Archive for the ‘economics’ Category
Mary O’Grady reports on how Bachelet’s policies have repercussions:
The Chile ‘Miracle’ Goes in Reverse
Investment and growth are falling, and now the government targets private schools.
To understand why the outlook for the Chilean “miracle” is so grim and investment is plummeting, look no further than this government’s obsession with holding back those who would skate ahead of the pack.
Ms. Bachelet has increased tax rates on everything from capital to consumption. One objective is to soak the investor class, making it poorer so that income inequality goes down. But it is more likely that income disparities will go up since the rich have ways to shelter income while the poor depend on job creation from investment to earn their daily bread and build wealth.
Additionally, Bachelt will end school vouchers,
The new law, which passed the lower house last month and now goes to the senate, would prohibit students from using vouchers to attend for-profit schools and prohibit schools that receive public subsidies from charging parents a co-payment. What is more, schools will no longer be allowed to select students because, apparently, it is “unfair” for gifted children to learn at their own speed.
Vouchers make it harder to indoctrinate kids, too.
Chile had a good run.
So much for that.
Hugo Chavez, who expropriated millions of acres of farmland (along with private properties and businesses) left an enduring legacy:
Venezuela ranks last in Property Rights Index
Lorenzo Montanari, the executive director of the Property Rights Alliance (PRA), said the survey measured the “consistency of property rights in 97 countries” and assessed three aspects: political legal environment, physical property rights and intellectual property rights
The IPRI study, which you can read here, corroborates the fact that
there is a positive, strong, and significant relationship between the strength of property rights protections and a country’s economic performance as measured by GDP per capita.
Mike Birds writes that Venezuela’s Decision To Import Oil Is The Perfect Example Of Just How Screwed The Country Is
In other Venezuelan news, Leopoldo López refused to appear before a court hearing on Tuesday, demanding the government respond to a UN resolution calling for his release.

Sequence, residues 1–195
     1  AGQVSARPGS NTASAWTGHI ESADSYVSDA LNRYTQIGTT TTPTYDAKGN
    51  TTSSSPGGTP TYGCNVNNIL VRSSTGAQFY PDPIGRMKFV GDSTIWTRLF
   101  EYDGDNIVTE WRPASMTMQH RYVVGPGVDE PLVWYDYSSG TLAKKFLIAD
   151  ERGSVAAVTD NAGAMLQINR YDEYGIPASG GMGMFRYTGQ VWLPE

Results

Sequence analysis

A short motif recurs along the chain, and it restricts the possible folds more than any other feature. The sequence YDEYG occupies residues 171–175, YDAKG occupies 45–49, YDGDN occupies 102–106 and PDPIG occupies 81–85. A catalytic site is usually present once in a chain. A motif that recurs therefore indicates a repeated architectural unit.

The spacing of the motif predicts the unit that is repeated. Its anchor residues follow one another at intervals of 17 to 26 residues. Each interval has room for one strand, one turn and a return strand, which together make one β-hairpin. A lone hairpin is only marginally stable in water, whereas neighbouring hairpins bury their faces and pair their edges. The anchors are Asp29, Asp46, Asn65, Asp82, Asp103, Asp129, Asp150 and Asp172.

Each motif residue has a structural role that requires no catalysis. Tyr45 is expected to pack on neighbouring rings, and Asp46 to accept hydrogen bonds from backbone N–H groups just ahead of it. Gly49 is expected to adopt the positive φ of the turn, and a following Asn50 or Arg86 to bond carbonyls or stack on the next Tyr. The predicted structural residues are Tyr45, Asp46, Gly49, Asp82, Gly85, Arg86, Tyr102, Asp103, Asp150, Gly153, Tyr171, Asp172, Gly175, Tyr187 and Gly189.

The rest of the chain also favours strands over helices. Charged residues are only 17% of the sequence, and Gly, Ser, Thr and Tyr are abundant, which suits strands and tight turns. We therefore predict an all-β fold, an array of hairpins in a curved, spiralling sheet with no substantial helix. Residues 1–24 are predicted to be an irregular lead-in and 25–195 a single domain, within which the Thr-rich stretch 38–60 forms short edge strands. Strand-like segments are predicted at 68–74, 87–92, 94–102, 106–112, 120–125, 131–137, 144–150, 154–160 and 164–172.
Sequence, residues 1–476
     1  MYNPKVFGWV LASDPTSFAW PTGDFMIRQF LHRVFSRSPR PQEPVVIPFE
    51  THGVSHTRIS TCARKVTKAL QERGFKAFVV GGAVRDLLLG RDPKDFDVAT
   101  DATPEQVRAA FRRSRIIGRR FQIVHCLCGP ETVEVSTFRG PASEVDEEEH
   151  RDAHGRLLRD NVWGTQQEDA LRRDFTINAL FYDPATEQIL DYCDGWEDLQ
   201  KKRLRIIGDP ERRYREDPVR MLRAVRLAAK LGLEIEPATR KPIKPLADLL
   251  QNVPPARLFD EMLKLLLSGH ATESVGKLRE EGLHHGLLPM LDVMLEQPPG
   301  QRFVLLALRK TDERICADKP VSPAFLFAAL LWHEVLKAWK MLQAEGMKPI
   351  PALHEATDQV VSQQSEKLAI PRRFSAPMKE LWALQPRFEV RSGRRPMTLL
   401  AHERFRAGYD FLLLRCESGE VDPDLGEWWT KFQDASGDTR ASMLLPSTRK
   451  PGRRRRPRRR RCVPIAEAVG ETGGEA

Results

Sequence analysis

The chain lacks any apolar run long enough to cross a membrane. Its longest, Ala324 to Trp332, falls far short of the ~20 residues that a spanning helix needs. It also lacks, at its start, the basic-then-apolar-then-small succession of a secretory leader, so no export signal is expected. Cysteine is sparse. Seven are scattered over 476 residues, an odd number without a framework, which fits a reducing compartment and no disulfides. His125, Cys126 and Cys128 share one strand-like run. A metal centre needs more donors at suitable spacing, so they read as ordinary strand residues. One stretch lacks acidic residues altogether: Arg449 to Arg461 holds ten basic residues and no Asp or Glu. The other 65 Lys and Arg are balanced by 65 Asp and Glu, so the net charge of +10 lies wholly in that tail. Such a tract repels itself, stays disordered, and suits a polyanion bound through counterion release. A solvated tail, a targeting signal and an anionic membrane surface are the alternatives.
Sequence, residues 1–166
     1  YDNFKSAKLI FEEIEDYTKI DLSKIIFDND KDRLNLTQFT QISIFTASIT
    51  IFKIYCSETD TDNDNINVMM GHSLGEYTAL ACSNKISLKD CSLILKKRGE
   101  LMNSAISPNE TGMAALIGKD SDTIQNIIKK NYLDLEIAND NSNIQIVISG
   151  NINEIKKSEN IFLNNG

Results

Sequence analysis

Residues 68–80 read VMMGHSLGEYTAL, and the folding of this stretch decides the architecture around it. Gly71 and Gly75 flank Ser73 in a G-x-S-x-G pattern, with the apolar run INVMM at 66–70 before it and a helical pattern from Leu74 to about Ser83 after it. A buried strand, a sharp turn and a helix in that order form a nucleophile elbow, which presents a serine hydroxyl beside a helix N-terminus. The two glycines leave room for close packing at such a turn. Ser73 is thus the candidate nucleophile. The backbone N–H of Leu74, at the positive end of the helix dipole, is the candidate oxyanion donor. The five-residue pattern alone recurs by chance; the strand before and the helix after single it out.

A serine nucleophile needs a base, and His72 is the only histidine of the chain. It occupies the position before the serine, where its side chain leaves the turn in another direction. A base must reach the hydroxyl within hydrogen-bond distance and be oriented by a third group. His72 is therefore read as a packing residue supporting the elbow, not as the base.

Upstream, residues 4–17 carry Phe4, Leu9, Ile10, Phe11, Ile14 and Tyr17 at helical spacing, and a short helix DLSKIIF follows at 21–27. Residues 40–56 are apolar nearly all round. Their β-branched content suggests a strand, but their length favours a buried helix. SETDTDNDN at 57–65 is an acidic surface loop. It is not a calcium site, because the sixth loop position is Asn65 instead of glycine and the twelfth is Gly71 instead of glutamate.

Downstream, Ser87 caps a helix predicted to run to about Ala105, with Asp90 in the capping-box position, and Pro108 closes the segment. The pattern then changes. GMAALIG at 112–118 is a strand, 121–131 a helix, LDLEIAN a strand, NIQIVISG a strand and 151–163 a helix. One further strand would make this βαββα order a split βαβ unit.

Judge Susana Barreiros scheduled the hearing while the court was not in session, having suspended proceedings indefinitely on October 14. López’s lawyers regarded the suspension as an attempt to delay the court’s response to the UN Working Group on Arbitrary Detentions, which requested López’s immediate release on October 8.
After Spanish Prime Minister Mariano Rajoy called on the Venezuelan government to free Lopez, Venezuela recalled its ambassador to Spain.
First Brazil’s stocks tanked,
Ibovespa Tumbles Toward Bear Market as Rousseff’s Win Sinks Real
Brazil’s benchmark equity index led global declines as President Dilma Rousseff’s re-election damped speculation for a change in policies that wiped out $553 billion of stock market value and left the economy in recession.
The Ibovespa (IBOV) dropped 2.8 percent to 50,503.66 at the close of trading, the most among the 20 biggest indexes globally. After tumbling as much as 6.2 percent earlier, approaching the threshold for a bear market, the gauge pared losses as education companies and pulp exporters rallied. The real posted the world’s biggest loss as it sank 1.9 percent to a nine-year low.
After years of weak growth, high inflation and intervention, Dilma’s re-election tanked the currency, too,
The real’s plunge to 2.5224 per dollar put it at the weakest level on a closing basis since April 2005. One-month implied volatility on options for the real, reflecting projected shifts in the currency, was the world’s highest. The currency sank 12 percent in the past three months.
“To some extent, markets were already pricing in her victory last week, and that may explain why the reaction to the election results wasn’t as negative as I expected,” Alvaro Marangoni, a partner at Quadrante Investimentos Ltda., said by phone from Sao Paulo. “We’re all waiting to see if policies are adjusted so the economy can recover.”
That’s an optimist, indeed.
The states that opposed Dilma out in the grasslands, soybean farms, cattle ranches and productive and innovative industrial centers down south, went for her free-market opponent. The states with 25% of the population dependent on welfare went for Dilma,
The takers have become politically stronger than the makers
As Monica Showalter of IBD said,
Now Brazil can look forward to not just low growth, but also high protectionist trade walls, more taxes, more corruption, more intrusive government and an increasingly arrogant state.
I was optimistic on Brazil years ago, but no more.
Argentina’s bleak fiscal situation could deteriorate further over the next year, with a prominent economist telling Interfax on Monday the Latin American country’s foreign reserves could shrink to “near $10 billion” by October 2015. It would leave Buenos Aires struggling to meet payments for dollar-denominated LNG imports, which are essential to the country’s energy matrix.